FPC, folate protein control; FAD, folic acid deficient; FAS, folic acid supplement; LPD, Low Protein Diet; HPD, high protein diet.


1. Collaborators GBD 2015 Mortality and Causes of Death. Global, regional, and national life expectancy, all-cause mortality, and cause-specific mortality for 249 causes of death, 1980-2015; a systemic analysis for the global burden of disease study 2015. Lancet. (2016) 388:1459–544. doi: 10.1016/S0140-6736(16)31012-1

CrossRef Full Text | Google Scholar

2. Reedy J, Cudhea F, Shi P, Zhang J, Onopa J, Miller V, et al. Global intakes of total protein and sub-types; findings from the 2015 global dietary database (P10-050-19). Curr Dev Nutr. (2019) 13(Suppl. 3):10–.050. doi: 10.1093/cdn/nzz034.P10-050-19

CrossRef Full Text | Google Scholar

3. Wu G. Dietary protein intake and human health. Food Funct. (2016) 7:1251–65. doi: 10.1039/c5fo01530h

PubMed Abstract | CrossRef Full Text | Google Scholar

4. Levine M, Suarez J, Brandhorst S, Balasubramanian P, Chen C, Madia F, et al. Low protein intake is associated with a major reduction in IGF-1, cancer, and overall mortality in the 65 and younger but not older population. Cell Metab. (2014) 19:407–17. doi: 10.1016/j.cmet.2014.02.006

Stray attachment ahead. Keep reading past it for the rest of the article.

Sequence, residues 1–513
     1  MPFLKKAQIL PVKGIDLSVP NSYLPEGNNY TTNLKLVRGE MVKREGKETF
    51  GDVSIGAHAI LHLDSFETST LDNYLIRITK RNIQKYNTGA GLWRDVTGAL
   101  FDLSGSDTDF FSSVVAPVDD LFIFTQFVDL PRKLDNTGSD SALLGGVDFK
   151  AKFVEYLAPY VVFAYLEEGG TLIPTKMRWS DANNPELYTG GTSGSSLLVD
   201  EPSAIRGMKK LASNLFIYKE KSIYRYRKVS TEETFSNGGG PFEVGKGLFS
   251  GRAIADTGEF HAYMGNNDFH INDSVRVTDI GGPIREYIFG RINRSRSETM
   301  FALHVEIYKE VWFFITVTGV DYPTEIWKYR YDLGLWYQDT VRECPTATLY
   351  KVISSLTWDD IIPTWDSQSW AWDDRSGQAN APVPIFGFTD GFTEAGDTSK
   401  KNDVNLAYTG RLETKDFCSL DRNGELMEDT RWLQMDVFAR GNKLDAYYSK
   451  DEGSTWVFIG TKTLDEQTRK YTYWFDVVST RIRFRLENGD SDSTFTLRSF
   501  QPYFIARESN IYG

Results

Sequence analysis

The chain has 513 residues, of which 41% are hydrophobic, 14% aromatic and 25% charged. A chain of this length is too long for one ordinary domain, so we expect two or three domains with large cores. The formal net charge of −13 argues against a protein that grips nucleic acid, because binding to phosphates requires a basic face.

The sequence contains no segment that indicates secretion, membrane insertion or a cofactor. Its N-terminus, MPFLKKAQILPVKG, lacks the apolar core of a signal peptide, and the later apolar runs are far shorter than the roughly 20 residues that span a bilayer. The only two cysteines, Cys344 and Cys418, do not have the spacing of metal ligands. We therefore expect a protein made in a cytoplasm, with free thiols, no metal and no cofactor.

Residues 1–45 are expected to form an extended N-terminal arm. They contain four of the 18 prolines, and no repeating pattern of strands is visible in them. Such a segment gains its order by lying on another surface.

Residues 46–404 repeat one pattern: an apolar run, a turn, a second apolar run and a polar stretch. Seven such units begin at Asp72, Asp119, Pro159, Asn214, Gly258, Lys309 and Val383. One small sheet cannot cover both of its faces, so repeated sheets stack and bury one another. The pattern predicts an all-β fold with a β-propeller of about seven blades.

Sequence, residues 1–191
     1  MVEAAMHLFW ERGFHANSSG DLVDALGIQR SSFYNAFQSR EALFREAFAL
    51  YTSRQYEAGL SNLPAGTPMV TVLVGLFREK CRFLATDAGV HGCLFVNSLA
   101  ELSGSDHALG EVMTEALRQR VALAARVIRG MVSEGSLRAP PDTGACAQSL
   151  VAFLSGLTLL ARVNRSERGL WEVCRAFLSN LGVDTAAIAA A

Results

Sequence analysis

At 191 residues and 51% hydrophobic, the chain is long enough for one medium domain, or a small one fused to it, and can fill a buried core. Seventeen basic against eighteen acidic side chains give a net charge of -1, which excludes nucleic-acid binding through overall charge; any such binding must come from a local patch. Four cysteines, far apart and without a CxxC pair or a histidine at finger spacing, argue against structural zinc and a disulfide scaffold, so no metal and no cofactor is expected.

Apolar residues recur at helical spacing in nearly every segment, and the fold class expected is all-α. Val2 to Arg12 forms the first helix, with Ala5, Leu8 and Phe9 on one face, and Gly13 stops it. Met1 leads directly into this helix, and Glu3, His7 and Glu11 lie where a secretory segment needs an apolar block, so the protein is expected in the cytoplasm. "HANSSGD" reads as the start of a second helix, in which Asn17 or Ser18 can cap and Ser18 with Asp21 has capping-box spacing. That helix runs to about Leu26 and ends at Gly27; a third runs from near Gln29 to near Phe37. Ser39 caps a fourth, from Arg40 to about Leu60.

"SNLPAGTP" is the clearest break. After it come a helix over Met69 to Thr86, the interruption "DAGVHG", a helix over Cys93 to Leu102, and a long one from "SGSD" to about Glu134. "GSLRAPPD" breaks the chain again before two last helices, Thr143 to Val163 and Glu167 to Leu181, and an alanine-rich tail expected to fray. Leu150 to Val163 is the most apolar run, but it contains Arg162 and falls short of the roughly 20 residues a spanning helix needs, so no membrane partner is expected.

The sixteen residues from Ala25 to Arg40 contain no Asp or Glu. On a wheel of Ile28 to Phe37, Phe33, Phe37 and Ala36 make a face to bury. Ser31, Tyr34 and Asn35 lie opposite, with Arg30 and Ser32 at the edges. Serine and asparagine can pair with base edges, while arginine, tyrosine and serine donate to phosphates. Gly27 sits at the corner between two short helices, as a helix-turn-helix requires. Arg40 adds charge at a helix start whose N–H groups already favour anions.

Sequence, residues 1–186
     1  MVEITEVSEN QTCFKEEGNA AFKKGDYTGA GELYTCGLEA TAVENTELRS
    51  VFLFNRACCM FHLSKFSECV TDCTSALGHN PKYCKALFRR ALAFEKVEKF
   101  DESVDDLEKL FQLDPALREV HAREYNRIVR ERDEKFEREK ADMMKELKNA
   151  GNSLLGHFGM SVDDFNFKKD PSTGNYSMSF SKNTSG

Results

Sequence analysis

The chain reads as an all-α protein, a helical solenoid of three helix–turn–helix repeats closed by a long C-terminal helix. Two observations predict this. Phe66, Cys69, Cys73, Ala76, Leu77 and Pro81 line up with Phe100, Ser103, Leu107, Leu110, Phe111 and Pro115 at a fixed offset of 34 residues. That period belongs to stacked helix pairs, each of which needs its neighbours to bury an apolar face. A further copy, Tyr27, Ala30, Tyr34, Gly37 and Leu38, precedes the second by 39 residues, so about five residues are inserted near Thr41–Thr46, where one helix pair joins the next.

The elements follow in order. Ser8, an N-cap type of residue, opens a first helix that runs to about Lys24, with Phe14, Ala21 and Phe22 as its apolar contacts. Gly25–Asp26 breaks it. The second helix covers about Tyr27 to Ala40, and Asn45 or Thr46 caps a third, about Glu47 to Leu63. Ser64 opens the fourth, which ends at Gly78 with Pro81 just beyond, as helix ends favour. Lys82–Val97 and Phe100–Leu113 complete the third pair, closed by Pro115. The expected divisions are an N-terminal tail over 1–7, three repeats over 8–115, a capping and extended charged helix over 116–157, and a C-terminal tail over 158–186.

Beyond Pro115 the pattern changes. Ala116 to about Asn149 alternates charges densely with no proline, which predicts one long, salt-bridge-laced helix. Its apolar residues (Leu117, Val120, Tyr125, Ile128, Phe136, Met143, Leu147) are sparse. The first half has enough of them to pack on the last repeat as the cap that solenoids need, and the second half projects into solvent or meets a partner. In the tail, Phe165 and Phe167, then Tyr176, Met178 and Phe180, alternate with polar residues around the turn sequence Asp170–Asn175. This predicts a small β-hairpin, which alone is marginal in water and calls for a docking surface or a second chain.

PubMed Abstract | CrossRef Full Text | Google Scholar

5. Fontana L, Weiss E, Villaresi D, Klein S, Holloszy J. Long-term effects of calorie and protein restriction on serum IG-1 and IGFBP-3 concentrations in human. Aging Cell. (2008) 7:681–7. doi: 10.1111/j.1474-9726.2008.00417.s

CrossRef Full Text | Google Scholar

6. Us Preventive Services Task Force, Bibbins-Domingo K, Grossman D, Curry S, Davidson K, Epling J Jr. Folic acid supplementation for the prevention of neural tube defects: US preventive services task force recommendation statement. JAMA. (2017) 317:183–9. doi: 10.1001/jama.2016.19438

PubMed Abstract | CrossRef Full Text | Google Scholar

7. Sauer J, Mason J, Choi S. Too much folate: a risk factor for cancer and cardiovascular disease? Curr Opin Clin Nutr Metab Care. (2009) 12:30–6. doi: 10.1097/MCO.0b013e32831cec62

PubMed Abstract | CrossRef Full Text | Google Scholar

8. Xu X, Wei W, Jiang W, Song Q, Chen Y, Ying L, et al. Association of folate intake with cardiovascular-disease mortality and all-cause mortality among people at high risk of cardiovascular-disease. Clin Nutr. (2022) 41:246–54. doi: 10.1016/j.clnu.2021.11.007

PubMed Abstract | CrossRef Full Text | Google Scholar

9. Aung K, Htay T. Review: folic acid may reduce risk for CVD and stroke, and B-vitamin complex may reduce risk for stroke. Ann Intern Med. (2018) 169:JC44. doi: 10.7326/ACPJC-2018-169-8-044

PubMed Abstract | CrossRef Full Text | Google Scholar

10. Ebbing M, Benna K, Nygard G, Arnesen E, Ueland P, Nordrehang J, et al. Cancer incidence and mortality after treatment with folic acid and vitamin B12. J Am Med Assoc. (2009) 302:2119–26.

Google Scholar

11. Ma F, Wu T, Zhao J, Song A, Liu H, Xu W, et al. Folic acid supplementation improves cognitive function by reducing the levels of peripheral inflammatory cytokines in elderly Chinese subjects with MCI. Sci Rep. (2016) 6:37486. doi: 10.1038/srep37486

PubMed Abstract | CrossRef Full Text | Google Scholar